roundtable with rosa

New chancellor Rosa says she’s concerned about charters; wants more options for English learners

PHOTO: Geoff Decker
Betty Rosa discusses teacher evaluations during a Board of Regents meeting.

Chancellor Betty Rosa opened up about a range of contentious education issues during a whirlwind tour of New York City this weekend.

It is “abusive” to force some English language learners to take state tests on grade level, she said, as she pledged to be tough on charter schools that don’t enroll many high-needs students and made some of her first comments about school segregation.

The state’s top education policymaker made the comments at a forum in Washington Heights on Friday, then headed to the United Federation of Teachers spring conference on Saturday. Together, the comments offer more detail about the direction Rosa — who has already signaled she wants to depart from the policies of former Chancellor Merryl Tisch — will take New York.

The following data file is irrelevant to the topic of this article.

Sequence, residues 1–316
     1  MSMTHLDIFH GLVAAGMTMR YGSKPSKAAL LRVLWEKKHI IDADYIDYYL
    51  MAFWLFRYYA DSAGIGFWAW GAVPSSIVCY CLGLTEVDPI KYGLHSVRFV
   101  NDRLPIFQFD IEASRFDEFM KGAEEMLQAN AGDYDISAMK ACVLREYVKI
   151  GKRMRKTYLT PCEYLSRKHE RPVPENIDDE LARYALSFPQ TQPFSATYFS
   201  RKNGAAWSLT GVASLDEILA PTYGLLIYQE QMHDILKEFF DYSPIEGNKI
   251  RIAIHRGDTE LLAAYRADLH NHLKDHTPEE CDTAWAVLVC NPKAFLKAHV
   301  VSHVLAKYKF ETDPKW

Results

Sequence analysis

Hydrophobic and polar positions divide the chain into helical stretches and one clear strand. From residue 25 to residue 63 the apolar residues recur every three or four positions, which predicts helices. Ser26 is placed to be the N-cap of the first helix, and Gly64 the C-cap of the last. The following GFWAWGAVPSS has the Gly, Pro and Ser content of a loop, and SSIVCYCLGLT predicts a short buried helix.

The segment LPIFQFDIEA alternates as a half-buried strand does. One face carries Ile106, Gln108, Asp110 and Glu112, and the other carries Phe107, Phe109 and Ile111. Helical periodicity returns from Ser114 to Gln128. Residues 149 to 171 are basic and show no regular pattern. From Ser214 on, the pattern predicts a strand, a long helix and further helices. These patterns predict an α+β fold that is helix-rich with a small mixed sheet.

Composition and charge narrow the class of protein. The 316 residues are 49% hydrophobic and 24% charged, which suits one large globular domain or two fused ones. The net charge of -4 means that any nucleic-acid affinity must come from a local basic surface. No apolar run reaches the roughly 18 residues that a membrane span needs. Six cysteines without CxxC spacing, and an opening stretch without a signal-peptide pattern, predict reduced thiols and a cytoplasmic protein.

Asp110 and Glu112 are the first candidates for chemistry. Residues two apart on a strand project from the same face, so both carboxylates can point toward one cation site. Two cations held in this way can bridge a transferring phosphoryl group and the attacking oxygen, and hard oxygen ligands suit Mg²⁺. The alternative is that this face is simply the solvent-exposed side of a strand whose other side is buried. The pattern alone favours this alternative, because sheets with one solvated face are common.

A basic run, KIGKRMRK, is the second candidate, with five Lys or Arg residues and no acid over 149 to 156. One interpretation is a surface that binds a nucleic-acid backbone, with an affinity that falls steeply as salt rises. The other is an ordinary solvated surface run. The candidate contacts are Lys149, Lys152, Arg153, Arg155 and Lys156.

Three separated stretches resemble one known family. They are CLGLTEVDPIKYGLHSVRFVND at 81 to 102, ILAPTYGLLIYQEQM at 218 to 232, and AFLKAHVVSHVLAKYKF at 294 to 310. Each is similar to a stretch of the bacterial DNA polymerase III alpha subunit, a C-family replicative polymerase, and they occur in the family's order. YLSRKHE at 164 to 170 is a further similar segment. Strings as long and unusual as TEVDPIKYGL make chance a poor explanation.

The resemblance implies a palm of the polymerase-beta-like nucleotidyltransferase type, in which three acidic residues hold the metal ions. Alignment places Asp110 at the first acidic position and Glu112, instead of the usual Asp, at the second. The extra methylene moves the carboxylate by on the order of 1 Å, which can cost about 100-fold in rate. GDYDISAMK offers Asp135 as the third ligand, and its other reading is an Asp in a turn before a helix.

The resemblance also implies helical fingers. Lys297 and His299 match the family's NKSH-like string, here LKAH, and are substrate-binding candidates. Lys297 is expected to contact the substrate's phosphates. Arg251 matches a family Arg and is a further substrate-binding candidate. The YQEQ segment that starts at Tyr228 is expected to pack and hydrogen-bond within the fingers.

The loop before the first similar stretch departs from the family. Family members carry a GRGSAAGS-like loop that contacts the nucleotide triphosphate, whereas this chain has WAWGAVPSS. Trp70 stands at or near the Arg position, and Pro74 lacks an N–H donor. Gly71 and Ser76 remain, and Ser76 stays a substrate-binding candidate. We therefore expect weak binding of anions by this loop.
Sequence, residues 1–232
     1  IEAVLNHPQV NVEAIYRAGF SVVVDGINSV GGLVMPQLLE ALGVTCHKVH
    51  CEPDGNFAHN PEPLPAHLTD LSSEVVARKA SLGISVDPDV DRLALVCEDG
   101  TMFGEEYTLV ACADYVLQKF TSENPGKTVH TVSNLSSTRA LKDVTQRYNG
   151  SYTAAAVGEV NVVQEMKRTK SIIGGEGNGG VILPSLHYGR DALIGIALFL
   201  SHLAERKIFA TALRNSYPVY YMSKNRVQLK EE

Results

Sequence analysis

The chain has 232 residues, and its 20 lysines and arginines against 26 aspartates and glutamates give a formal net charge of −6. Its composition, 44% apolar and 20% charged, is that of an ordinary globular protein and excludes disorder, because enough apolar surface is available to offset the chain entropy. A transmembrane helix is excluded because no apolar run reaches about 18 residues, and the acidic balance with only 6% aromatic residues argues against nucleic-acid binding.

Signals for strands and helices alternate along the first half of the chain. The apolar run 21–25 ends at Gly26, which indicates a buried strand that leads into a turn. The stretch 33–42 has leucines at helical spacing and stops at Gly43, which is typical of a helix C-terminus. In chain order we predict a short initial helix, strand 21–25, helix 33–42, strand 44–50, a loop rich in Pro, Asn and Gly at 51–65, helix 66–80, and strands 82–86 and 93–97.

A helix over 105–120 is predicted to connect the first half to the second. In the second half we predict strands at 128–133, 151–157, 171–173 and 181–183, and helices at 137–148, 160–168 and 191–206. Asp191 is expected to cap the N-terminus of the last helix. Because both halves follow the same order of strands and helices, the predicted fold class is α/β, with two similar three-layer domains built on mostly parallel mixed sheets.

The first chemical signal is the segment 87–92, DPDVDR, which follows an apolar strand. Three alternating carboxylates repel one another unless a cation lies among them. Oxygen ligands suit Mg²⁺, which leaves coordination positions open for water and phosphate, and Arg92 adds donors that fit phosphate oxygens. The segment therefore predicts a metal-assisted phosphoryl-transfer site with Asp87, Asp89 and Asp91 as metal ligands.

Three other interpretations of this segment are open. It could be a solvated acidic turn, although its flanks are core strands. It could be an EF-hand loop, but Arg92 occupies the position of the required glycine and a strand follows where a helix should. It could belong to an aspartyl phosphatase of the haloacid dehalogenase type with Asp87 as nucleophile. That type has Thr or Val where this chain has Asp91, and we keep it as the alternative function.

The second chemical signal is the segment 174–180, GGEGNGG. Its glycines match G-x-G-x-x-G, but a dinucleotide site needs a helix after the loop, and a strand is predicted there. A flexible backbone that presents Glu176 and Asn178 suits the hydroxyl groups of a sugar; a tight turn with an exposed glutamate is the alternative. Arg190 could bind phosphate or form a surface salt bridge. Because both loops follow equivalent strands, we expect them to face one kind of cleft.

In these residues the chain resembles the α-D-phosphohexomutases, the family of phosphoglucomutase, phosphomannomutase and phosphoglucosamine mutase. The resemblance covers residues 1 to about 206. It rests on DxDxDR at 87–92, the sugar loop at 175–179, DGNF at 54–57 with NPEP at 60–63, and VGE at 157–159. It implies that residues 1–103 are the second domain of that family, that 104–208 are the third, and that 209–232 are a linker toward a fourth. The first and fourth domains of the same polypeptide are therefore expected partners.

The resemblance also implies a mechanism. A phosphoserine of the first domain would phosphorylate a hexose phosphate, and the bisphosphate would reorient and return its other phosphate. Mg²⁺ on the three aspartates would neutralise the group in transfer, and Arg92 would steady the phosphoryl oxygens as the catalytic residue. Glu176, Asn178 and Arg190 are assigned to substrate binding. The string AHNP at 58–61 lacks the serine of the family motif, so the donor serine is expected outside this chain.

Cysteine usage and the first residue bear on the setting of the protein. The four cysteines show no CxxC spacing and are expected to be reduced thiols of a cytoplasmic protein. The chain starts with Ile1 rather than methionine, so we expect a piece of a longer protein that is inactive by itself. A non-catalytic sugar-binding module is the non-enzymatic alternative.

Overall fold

Rosa on charter schools

The state education department is “very concerned” that some charter schools do not serve a population of students that represents their communities, Rosa said.

That could indicate that the Board of Regents, which has the power to approve and renew charter schools, will be paying closer attention to their demographic numbers — especially their number of English language learners, students with disabilities, and children in poverty.